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AIBU to send my kids to a faith school when I don't buy into the ethos?

(119 Posts)
Jesabel Sun 07-Feb-16 21:25:56

We are moving house soon and looking for a new school for my 2 and 5 year olds. We basically have two choices - one is a community infant school, one is a Catholic primary school.

For various reasons I think the primary school would be the better choice, however we are atheists and actually anti-religion rather than neutral on it.

AIBU to send my kids to a Catholic school anyway?

TitClash Sun 07-Feb-16 21:27:49

Well clearly you're not anti religion if you are considering this. Its not a choice I would make.

Jesabel Sun 07-Feb-16 21:29:10

I would still want to choose the best school for my child even if I don't agree with religion.

Sirzy Sun 07-Feb-16 21:30:26

If you are anti religion then why would you want your children to be educated in a faith you don't agree with?

And if you do make the choice to use that school then don't then complain about them receiving a religious education.

Marmite27 Sun 07-Feb-16 21:30:35

Wouldn't they have to be baptised to get in? They would round here.

Yseulte Sun 07-Feb-16 21:30:55

I'm wholly anti-faith schools, why shouldn't atheists sent their children there if it's a good school?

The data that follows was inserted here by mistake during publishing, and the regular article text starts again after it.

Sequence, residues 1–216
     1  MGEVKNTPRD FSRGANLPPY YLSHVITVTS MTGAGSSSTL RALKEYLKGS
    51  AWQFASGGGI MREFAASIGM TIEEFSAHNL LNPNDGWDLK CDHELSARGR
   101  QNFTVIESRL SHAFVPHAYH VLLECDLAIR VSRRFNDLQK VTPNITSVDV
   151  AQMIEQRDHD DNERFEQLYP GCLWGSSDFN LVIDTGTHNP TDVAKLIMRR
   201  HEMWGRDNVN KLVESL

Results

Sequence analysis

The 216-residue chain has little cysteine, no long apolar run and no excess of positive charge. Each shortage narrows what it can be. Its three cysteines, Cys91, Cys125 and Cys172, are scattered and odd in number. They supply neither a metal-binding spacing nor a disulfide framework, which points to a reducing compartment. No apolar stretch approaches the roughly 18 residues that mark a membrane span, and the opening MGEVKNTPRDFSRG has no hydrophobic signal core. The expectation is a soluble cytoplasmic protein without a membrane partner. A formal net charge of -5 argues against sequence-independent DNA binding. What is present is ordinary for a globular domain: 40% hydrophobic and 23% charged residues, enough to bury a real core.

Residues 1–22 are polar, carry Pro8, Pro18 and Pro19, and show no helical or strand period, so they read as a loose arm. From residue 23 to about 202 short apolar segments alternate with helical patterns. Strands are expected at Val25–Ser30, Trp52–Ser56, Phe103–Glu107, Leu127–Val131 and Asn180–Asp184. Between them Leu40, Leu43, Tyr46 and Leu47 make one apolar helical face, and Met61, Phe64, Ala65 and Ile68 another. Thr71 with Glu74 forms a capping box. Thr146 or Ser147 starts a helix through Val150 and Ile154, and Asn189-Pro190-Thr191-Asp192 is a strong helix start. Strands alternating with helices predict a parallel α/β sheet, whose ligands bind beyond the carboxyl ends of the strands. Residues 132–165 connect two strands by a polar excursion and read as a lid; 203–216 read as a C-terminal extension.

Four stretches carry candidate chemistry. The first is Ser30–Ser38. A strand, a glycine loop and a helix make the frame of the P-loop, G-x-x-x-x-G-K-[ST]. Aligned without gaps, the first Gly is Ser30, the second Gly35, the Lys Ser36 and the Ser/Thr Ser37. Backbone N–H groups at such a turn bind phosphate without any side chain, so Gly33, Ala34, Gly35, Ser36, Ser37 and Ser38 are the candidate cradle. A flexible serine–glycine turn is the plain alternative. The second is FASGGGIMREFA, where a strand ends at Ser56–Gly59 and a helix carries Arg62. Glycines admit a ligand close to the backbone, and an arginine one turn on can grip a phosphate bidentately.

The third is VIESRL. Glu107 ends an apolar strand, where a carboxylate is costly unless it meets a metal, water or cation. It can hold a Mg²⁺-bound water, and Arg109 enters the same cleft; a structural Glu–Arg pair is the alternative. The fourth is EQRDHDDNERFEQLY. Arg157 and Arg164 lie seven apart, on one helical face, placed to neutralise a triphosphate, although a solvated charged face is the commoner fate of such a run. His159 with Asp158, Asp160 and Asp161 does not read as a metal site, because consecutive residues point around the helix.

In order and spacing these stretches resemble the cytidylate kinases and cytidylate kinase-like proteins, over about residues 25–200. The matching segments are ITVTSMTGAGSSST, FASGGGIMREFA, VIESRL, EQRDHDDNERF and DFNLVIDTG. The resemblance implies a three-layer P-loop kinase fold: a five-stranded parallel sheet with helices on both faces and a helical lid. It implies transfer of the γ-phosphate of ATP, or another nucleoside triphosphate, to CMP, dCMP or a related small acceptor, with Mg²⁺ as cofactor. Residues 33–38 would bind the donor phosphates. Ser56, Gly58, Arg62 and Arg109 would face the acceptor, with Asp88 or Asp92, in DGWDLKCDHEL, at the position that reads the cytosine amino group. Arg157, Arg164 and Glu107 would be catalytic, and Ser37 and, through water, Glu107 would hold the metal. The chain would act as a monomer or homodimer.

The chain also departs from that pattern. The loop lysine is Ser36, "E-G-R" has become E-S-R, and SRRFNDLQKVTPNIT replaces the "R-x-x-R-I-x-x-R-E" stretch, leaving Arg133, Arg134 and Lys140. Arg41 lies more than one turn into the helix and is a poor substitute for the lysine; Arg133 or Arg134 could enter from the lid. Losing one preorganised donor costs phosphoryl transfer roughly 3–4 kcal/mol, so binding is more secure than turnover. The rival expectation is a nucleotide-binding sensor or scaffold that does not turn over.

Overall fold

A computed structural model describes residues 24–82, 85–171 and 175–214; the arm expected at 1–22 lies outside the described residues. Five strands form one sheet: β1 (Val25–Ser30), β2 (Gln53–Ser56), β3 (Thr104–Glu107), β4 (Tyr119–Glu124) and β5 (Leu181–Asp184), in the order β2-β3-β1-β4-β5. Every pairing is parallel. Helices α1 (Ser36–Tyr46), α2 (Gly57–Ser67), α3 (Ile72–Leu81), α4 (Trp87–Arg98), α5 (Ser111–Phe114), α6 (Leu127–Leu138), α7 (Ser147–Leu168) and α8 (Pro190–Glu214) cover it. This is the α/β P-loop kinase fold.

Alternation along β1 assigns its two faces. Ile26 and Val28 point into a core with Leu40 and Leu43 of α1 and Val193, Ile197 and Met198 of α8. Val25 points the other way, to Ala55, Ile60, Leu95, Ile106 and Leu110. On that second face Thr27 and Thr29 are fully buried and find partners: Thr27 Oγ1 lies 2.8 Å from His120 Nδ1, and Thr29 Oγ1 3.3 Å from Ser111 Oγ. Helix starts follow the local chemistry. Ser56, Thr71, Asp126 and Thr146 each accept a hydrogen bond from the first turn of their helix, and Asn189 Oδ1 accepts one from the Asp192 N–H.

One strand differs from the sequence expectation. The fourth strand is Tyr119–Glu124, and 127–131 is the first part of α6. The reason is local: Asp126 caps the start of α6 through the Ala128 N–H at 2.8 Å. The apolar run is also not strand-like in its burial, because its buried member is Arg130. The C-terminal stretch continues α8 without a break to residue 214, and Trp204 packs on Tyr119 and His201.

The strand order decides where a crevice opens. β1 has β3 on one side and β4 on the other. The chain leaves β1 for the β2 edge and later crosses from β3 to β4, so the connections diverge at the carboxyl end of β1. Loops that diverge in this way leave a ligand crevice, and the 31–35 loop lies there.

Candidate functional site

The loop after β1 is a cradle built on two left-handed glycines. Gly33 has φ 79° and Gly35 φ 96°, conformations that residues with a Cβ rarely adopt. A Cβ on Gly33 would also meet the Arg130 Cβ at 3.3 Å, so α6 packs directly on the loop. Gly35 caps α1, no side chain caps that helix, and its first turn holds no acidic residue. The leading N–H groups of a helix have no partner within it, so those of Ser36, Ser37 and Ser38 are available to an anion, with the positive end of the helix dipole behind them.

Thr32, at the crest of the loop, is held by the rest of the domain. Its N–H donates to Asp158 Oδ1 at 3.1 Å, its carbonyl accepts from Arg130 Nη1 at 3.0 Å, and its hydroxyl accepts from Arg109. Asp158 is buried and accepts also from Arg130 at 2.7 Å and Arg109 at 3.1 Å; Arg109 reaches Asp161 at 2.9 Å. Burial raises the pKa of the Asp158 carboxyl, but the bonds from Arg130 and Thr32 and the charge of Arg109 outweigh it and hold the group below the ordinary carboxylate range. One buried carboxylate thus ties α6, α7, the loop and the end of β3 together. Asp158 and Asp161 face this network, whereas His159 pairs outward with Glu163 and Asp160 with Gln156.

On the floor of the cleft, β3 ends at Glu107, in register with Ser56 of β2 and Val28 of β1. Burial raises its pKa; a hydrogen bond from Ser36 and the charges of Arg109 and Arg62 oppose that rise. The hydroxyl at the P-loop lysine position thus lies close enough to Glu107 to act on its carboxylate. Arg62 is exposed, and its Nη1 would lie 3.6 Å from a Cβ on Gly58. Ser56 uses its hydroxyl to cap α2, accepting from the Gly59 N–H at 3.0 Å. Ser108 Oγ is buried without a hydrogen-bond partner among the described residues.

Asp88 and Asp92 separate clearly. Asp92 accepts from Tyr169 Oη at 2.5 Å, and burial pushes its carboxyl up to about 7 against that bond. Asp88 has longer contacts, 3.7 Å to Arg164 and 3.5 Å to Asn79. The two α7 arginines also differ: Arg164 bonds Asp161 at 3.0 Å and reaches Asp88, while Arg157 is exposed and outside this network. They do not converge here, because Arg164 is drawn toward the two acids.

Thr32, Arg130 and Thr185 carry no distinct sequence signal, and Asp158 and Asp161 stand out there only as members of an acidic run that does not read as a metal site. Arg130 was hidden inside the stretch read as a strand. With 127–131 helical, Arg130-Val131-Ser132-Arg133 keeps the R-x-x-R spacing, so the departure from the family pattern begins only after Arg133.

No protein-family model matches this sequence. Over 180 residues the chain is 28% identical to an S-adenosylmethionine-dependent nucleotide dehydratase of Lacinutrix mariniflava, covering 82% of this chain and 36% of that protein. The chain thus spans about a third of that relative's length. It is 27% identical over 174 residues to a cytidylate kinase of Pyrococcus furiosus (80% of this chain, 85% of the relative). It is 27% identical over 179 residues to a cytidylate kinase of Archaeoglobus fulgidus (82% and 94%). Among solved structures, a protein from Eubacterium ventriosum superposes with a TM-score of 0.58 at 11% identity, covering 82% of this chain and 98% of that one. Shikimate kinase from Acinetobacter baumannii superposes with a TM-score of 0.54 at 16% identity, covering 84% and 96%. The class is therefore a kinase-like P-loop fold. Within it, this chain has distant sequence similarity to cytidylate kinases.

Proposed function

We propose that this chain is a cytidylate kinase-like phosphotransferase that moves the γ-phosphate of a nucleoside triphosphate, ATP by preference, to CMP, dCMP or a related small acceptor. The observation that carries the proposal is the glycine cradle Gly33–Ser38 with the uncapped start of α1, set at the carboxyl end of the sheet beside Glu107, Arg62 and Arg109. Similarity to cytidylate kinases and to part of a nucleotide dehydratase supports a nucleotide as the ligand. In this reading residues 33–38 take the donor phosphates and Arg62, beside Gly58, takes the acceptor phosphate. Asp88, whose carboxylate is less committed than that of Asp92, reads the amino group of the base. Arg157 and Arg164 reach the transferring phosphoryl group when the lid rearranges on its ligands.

Just tell kids to take the Jesus stuff a pinch of salt.

multivac Sun 07-Feb-16 21:31:22

I don't think any school should exclude children on grounds of their parents' faith - so I wouldn't see anything wrong with your decision from that angle.

My kids go to a faith school (CofE); they have atheist parents. We had no choice (but apparently it's perfectly fine to force families to send their children to faith schools, as long as that means families who want the state education system to take care of education in a specific faith, not merely RE, get the 'choice' to do so).

msrisotto Sun 07-Feb-16 21:33:03

YANBU, publicly funded schools should be open for everyone, regardless of beliefs.

TheTroubleWithAngels Sun 07-Feb-16 21:36:03

Message withdrawn at poster's request.

Chchchchangeabout Sun 07-Feb-16 21:36:26

YANBU but will they let you in? Our local Catholic school is best in the area but we have no chance of getting our kids in as that's not our faith.

Jesabel Sun 07-Feb-16 21:36:48

Sirzy, I'd rather there was no religion in schools of course. However this school has a brilliant nursery that could take the 2yo, a wide range of extra curricular clubs and lovely grounds.
My oldest would be going into Year 2 so if he went to the infant school, he'd have to transfer schools again after a year. And the junior school is religious anyway.

TheTroubleWithAngels Sun 07-Feb-16 21:38:18

Message withdrawn at poster's request.

NewLife4Me Sun 07-Feb-16 21:39:28

Don't choose the Catholic School grin
They are fantastic schools but if you don't like religion and not prepared to embrace it, then forget it.
I also think depending where you are you would struggle to meet criteria anyway.
We moved and there was no other school for ds2, there was for ds1 in the next school which was community.